March 19, 2024

OCR Updates Its Website Tracking Tool Guidance

Holland & Knight Alert
Shannon Britton Hartsfield | Beth Neal Pitman


  • The U.S. Department of Health and Human Services Office for Civil Rights (OCR), which enforces the Health Insurance Portability and Accountability Act (HIPAA), has issued an update to its prior guidance on the uses of tracking technologies by healthcare companies.
  • Clarification by OCR that the purpose for a person's website visit determines whether information is protected health information provides cold comfort to healthcare companies that have no process for divining the website visitor's intent.
  • OCR has doubled down on enforcement by prioritizing compliance with the HIPAA Security Rule in its tracking technology investigations.

The U.S. Department of Health and Human Services Office for Civil Rights (OCR) issued updated guidance on March 18, 2024, regarding the use of online tracking technologies by entities and business associates covered by the Health Insurance Portability and Accountability Act (HIPAA). Perhaps in response to litigation brought by the American Hospital Association (and supported by 17 state hospital associations and 30 hospital systems) challenging its prior guidance issued on Dec. 1, 2022, OCR has clarified its views somewhat regarding the use of these tools, but the new document may provide cold comfort to HIPAA-regulated entities. An analysis of the prior guidance is available in Holland & Knight's previous alert, "HHS Offers HIPAA Guidance on Online Tracking Technologies," Dec. 2, 2022.

The final HIPAA Privacy Rule was issued more than 23 years ago. Since that time, the Privacy Rule has considered an internet protocol (IP) address number to be a patient identifier. The 2022 guidance made it clear that OCR considers the IP address or any "unique identifying code" and other information to be protected health information (PHI). One of the criticisms of the 2022 guidance was OCR's apparent assumption that anyone visiting a covered healthcare provider's website was, is or will be a patient of the provider. At that time, OCR concluded that all individually identifiable health information "collected on a regulated entity's website or mobile app generally is PHI, even if the individual does not have an existing relationship with the regulated entity … ." That language remains in the revised guidance.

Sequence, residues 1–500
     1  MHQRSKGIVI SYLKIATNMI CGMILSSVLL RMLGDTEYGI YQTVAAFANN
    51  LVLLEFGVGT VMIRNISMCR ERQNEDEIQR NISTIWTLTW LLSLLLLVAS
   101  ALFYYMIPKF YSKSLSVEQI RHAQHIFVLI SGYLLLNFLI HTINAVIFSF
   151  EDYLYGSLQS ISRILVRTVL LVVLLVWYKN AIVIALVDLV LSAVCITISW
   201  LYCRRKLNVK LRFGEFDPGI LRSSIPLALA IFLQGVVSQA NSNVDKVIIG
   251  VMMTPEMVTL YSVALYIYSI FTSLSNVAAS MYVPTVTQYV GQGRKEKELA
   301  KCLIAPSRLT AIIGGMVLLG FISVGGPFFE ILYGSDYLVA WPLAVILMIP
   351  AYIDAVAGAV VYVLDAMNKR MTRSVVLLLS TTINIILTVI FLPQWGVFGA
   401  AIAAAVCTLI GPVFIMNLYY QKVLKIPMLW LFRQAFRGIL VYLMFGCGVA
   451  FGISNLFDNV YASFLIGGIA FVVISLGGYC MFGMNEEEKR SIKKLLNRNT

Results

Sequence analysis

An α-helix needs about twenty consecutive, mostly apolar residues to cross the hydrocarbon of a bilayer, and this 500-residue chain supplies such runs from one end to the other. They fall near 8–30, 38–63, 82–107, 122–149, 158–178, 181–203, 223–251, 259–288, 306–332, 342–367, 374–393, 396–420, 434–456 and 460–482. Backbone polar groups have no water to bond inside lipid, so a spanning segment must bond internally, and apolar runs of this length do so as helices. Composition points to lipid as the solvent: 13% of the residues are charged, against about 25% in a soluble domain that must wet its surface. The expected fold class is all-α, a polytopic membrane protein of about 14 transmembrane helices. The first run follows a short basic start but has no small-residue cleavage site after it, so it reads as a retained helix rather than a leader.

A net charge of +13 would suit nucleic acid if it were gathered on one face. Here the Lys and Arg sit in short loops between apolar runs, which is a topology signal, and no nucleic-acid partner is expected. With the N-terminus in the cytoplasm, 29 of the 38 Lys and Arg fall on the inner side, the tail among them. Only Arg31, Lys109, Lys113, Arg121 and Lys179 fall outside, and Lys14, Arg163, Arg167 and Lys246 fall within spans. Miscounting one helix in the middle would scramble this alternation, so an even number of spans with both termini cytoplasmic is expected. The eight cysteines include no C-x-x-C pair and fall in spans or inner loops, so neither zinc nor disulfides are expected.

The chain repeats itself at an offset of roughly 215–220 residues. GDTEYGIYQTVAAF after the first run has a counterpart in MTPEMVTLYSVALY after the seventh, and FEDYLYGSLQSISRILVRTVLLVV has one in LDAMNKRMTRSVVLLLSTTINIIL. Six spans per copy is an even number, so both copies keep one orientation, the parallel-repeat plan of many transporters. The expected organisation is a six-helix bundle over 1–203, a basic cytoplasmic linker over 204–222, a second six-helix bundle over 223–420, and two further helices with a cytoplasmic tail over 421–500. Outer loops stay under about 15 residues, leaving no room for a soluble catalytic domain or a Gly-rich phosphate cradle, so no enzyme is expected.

Though OCR acknowledges in the revised guidance that "the mere fact that an online tracking technology connects the IP address of a user's device (or other identifying information) with a visit to a website addressing specific health conditions or listing health care providers is not a sufficient combination of information to constitute [individually identifiable health information] if the visit to the webpage is not related to an individual's past, present, or future health, health care, or payment for health care," the new guidance is silent regarding how a regulated entity could determine the purpose of a person's visit to a web page.